Now along comes Colin Kaepernick who has taken a brave and principled stance against racist police brutality. His refusal to stand for the National Anthem has cost him his career. We may soon learn that the NFL colluded against him to keep him from earning a spot on any NFL team. But he has become a hero to Black people everywhere. The slogan attached to his Nike ad reads, “Believe in something, even if it means sacrificing everything!” The social media response was swift with #JustDontDoIt and #JustBurnIt trending on Twitter.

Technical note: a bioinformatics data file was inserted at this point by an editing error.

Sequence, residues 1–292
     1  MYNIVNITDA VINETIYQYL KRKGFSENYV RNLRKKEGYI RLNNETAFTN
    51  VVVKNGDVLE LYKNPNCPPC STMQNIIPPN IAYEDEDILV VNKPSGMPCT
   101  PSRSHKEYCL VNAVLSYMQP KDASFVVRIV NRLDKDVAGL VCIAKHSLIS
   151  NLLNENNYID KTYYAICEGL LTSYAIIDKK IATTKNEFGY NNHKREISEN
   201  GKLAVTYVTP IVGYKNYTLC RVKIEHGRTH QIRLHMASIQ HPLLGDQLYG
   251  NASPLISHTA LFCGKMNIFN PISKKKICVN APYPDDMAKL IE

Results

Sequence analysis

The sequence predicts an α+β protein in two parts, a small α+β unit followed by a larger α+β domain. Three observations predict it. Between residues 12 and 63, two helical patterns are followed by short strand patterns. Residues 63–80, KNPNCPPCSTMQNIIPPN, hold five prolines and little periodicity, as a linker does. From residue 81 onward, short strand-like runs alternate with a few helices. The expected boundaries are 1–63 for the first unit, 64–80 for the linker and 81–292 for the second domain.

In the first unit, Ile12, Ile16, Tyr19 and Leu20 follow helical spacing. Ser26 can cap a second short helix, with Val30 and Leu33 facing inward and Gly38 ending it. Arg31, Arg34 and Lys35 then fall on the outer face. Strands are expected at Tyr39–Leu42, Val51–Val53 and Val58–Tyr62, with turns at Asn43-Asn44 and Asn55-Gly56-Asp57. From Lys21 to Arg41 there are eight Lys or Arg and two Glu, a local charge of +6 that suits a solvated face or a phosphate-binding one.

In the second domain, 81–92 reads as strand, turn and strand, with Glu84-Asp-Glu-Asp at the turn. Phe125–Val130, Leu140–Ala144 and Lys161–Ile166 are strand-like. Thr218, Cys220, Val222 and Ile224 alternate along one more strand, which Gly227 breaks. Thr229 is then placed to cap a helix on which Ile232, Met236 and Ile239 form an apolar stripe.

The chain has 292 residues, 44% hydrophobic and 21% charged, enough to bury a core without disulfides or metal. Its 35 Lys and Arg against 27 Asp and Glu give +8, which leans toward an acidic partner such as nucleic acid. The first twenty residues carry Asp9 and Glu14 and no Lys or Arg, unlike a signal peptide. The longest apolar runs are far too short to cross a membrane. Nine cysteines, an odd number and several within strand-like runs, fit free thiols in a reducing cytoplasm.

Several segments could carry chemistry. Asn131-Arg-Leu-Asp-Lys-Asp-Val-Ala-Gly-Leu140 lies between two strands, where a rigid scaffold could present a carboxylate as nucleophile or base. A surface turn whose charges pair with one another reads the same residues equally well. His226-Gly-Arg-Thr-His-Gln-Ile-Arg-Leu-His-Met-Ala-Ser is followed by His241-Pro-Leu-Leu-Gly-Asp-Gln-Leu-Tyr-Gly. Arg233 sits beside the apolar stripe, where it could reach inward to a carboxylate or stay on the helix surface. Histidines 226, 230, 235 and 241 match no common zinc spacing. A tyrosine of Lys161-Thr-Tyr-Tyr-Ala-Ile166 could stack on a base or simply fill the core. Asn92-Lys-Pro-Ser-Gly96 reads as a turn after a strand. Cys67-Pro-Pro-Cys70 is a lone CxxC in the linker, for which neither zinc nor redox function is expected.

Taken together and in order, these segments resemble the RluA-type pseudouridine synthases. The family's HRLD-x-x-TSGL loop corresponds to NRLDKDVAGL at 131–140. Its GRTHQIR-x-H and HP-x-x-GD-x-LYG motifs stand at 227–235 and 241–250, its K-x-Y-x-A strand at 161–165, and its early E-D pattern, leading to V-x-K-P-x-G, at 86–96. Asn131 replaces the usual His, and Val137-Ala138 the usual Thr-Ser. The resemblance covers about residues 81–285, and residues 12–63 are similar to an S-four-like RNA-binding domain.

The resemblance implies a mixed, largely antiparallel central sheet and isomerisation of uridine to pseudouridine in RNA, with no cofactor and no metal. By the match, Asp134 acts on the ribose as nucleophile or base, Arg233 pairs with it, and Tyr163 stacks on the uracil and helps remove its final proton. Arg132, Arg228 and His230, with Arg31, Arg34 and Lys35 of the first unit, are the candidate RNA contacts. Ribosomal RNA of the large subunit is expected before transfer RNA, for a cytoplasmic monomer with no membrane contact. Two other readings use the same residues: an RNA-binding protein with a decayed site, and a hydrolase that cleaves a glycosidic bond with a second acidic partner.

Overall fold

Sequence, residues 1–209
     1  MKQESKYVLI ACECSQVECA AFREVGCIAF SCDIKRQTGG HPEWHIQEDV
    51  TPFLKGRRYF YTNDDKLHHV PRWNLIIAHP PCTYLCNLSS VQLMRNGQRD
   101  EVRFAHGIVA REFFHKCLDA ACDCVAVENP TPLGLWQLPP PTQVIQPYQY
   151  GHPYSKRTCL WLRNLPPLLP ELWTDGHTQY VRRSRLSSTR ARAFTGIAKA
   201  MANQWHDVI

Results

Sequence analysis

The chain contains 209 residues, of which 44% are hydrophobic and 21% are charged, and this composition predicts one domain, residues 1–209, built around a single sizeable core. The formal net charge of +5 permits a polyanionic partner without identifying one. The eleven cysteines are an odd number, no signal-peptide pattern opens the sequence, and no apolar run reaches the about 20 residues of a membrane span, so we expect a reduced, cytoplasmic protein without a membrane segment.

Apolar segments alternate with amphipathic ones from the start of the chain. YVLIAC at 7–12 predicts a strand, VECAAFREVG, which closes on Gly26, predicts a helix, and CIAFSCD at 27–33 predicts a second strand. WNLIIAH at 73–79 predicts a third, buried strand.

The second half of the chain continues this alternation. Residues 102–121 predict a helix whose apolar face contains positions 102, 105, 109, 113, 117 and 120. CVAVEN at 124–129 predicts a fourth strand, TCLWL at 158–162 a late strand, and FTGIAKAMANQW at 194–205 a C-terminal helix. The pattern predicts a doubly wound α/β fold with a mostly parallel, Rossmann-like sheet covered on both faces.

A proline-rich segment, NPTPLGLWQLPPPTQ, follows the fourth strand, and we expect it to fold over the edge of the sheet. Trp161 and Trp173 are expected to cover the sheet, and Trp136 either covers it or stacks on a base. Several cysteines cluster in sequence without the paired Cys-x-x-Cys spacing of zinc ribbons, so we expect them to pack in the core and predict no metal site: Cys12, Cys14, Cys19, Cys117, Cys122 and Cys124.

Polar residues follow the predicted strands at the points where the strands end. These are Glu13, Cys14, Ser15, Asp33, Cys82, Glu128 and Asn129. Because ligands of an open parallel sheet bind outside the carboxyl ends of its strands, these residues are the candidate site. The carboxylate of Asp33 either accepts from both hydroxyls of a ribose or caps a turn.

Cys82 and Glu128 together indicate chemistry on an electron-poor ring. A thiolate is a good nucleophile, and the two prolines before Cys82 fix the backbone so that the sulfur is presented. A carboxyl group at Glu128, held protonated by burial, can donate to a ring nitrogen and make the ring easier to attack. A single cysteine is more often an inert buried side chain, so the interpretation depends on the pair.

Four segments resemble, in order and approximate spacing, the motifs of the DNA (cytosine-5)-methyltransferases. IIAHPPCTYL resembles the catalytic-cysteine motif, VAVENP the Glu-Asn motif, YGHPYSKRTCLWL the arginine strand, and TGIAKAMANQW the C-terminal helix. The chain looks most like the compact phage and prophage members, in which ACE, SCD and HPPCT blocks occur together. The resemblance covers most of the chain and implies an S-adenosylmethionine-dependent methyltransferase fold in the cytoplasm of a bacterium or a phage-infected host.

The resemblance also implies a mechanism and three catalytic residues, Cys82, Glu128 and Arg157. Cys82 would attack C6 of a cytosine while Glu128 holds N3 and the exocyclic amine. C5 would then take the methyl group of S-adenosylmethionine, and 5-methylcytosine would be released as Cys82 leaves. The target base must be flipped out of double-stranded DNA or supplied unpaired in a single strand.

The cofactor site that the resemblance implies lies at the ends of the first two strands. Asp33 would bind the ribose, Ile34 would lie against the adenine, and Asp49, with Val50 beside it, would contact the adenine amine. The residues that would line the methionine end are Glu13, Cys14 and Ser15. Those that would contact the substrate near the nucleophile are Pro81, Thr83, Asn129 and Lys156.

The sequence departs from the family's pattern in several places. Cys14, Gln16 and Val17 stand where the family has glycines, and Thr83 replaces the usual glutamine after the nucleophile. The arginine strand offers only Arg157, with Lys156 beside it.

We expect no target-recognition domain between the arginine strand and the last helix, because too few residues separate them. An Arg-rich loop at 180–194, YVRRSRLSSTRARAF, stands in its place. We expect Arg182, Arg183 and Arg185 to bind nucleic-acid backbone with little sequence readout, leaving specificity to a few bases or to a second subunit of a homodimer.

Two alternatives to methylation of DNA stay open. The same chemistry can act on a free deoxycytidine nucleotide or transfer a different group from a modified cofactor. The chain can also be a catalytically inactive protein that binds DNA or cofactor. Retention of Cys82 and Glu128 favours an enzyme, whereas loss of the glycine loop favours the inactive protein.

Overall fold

Nike, Inc. is a $34 billion international corporation. If you think for one minute the company did not do its market research BEFORE releasing this campaign you are ignorant of how business actually works. Nike has already locked down a $1billion contract with the NFL for the next 8 years. Colin Kaepernick is still one of its clients and he is popular among young Black people. Nike is playing the long game. Having sat on a Division IA athletic board for 7 years I have seen this game from the inside. Colleges and universities have to clothe their athletes and the days of every sport on the campus picking their own supplier are over. One contract for the entire athletic program with lots of perks is standard operating procedure and Nike has been ruthless in this game. Nike underwrites AAU and prep athletes and sponsors countless urban athletic programs. (I know this as the grandmother of an elite basketball player who was regularly invited to the Nike Invitational Tournaments and outfitted with their shoes). While this sounds benevolent on their part, their goal is to steer these young people to colleges and universities with which they have contracts. Elite prep athletes who express interest in non-Nike schools receive all sorts of pressure to choose a “Nike school.” But the Nike shoe and apparel burners and boycotters do not seem to care about this side of the Nike story.